Incest, attempted murder, attempted rape, and a family desperately seeking out a better life only to be torn apart during a storm at sea that leads to a decade-plus-long separation.  It sounds like a summary of some Facebook news feeds but no, this is William Shakespeare and George Wilkins’ Pericles… and in the capable hands of Independent Shakespeare Co.’s co-founder and Artistic Director Melissa Chalsma, it is a solidly funny good time.

Foreground: Gyasi Silas (Pericles)
Background: Wiliam Elsman (Ensemble), Aisha Kabia (Thasia), Carene Rose Mekertichyan (Ensemble), Bukola Ogunmola (Ensemble) in Pericles.  Photo by Grettel Cortes Photography.

From the moment the character [John] Gower, (The Presenter, played by Hao Feng) appears the cast is present on stage and there are few scenes until we reach the near-end where they are not all utilized.  The physicality of the play, therefore, is key and Chalsma infuses the play with the energy that makes the heaviest of subject matters feel light as air.  In particular, Gyasi Silas’ Pericles is a figure whose every loss and every gain infuses every cell of his body and the movement and gestures that each of the actors employs throughout brings a world to life in ways we don’t always get to see. In addition to his work, the cult of Diana has its own set of gestures to enact along with their prayers, within the first few scenes you will witness the best use of steamer trunks possibly ever and there are many moments where you can easily ‘turn the sound down’ and immediately understand what is going on, who has the power and what is at stake.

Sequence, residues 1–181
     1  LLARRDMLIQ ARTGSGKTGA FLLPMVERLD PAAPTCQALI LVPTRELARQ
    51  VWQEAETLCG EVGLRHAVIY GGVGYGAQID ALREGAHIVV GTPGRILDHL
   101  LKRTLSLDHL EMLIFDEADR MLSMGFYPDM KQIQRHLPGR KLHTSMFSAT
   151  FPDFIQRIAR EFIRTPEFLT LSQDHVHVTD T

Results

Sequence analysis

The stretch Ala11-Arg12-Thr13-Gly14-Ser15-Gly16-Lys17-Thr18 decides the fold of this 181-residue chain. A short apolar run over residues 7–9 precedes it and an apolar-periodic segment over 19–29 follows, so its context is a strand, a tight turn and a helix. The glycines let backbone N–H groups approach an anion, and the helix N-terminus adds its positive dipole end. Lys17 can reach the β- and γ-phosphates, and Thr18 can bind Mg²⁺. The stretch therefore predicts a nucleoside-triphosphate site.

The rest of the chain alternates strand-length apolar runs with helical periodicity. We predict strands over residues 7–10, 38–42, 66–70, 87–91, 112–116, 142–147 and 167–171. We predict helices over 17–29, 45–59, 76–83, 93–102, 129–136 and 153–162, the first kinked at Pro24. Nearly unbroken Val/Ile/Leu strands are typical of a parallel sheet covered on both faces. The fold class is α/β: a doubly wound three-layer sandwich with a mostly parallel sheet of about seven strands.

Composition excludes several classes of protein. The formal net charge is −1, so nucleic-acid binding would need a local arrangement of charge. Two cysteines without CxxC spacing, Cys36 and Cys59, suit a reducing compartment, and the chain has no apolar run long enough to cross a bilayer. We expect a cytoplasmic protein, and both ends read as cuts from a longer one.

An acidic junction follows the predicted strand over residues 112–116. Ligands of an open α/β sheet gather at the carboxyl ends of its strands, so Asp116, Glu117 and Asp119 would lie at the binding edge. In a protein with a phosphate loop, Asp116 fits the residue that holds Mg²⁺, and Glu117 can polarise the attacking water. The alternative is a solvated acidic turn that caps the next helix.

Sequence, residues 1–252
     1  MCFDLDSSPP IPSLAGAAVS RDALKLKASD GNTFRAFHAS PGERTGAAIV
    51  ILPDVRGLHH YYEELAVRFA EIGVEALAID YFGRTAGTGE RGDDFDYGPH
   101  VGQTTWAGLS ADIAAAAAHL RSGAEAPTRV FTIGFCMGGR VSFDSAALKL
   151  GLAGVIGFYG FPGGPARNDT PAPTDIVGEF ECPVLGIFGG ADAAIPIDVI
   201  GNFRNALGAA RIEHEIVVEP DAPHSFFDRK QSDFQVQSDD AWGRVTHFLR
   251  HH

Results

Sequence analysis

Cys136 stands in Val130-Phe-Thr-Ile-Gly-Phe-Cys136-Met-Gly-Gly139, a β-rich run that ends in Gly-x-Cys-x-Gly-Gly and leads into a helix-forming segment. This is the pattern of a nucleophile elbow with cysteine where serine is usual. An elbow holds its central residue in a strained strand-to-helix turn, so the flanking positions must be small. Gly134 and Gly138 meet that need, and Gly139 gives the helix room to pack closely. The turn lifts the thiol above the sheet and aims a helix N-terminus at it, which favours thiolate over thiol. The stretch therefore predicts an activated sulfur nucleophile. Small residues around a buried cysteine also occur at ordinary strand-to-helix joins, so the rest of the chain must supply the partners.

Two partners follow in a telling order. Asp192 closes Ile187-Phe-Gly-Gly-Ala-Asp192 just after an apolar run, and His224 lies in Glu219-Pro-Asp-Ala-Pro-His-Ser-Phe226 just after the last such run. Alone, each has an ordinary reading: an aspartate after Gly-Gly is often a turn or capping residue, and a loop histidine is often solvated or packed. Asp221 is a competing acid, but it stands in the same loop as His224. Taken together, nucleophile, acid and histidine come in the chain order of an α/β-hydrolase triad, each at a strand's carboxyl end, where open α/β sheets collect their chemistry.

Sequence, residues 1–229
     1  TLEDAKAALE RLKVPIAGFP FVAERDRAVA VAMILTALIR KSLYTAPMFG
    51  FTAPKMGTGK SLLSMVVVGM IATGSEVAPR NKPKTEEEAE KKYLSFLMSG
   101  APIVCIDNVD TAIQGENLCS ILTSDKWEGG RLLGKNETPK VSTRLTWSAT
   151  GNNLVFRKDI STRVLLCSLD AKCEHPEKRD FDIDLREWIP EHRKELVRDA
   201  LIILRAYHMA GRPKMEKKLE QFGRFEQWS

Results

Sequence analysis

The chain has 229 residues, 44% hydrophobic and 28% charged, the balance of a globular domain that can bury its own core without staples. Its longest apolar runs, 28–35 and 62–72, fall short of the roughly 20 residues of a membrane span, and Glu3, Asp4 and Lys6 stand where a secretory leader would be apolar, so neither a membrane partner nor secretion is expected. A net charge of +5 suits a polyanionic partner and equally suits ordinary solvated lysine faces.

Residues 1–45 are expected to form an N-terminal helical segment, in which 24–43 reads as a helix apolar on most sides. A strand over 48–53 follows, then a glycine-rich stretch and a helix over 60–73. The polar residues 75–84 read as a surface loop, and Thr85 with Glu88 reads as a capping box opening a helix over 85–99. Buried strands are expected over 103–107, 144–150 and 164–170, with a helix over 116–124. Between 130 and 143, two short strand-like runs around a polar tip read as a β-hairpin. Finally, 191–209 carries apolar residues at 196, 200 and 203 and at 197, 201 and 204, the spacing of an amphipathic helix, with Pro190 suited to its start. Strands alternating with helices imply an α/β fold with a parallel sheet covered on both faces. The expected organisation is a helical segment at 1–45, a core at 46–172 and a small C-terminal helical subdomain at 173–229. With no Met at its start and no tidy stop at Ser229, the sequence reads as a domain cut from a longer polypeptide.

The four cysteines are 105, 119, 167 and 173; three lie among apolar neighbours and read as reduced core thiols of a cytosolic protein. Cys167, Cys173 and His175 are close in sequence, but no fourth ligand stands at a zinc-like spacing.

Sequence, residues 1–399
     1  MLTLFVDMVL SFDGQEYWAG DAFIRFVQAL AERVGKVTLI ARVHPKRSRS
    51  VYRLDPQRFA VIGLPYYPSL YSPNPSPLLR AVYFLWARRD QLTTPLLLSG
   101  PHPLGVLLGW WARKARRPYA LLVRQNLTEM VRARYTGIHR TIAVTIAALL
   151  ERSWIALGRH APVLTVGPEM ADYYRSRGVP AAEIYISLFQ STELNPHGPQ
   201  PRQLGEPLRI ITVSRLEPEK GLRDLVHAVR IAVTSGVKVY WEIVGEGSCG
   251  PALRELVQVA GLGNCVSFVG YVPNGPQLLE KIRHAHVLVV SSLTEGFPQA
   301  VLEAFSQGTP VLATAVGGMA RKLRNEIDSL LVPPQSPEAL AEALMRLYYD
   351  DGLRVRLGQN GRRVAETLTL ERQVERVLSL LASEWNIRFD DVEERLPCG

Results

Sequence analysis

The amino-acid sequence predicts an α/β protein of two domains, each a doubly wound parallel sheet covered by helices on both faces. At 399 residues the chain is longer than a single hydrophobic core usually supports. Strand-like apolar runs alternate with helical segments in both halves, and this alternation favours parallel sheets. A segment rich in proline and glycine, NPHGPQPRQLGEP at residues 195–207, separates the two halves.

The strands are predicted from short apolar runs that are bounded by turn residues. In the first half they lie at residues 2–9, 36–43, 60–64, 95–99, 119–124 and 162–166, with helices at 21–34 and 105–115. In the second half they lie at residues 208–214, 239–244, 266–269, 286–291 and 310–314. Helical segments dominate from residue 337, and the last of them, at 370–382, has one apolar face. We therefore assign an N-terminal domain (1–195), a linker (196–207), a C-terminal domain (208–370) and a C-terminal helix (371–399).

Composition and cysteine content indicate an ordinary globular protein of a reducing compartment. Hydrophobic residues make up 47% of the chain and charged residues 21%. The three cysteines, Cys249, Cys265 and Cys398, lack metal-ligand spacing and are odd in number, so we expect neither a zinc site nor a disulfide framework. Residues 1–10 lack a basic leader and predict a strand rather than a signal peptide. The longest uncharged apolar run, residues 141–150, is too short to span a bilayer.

Foreground: Sabra Williams (Dionyza), David Melville (Cleon)
Background: Carene Rose Mekertichyan, Xavi Moreno, Lorenzo Gonzalez, Patrick Batiste, Aisha Kabia (Ensemble) in Pericles. Photo by Grettel Cortes Photography.

Antiochus (Xavi Moreno, who also plays Philomen) is willing to wed his daughter (Bukula Ogunmola, who also plays Lychordia and the goddess Diana) to any man who can solve his riddle but when Pericles succeeds and discovers it is essentially an admission of Antiochus’ incestuous relationship, the latter orders his man Thaliard (Kelvin Morales, who also plays Cerimon) to poison Pericles.  Pericles returns to his home of Tyre but realizes he must flee so he travels first to Tarsus then to Pentapolis where he wins over Simonides (played by William Elsman, who also plays Leonine) and the heart of his daughter Thaisa (Aisha Kabia).  Pericles competes with others in a comical three-legged race of a joust that includes volunteers from the audience (Lady Chelsea and Sir Nick, at the performance I attended).  Pericles wins the day and dances with Thaisa to “Only You” by The Platters complete with romantic ‘almost’ kiss. 


L-R: Brent Charles (Lysimachus), Sabra Williams (Bawd), Lorenzo Gonzalez (Pandar) in Pericles. Photo by Grettel Cortes Photography.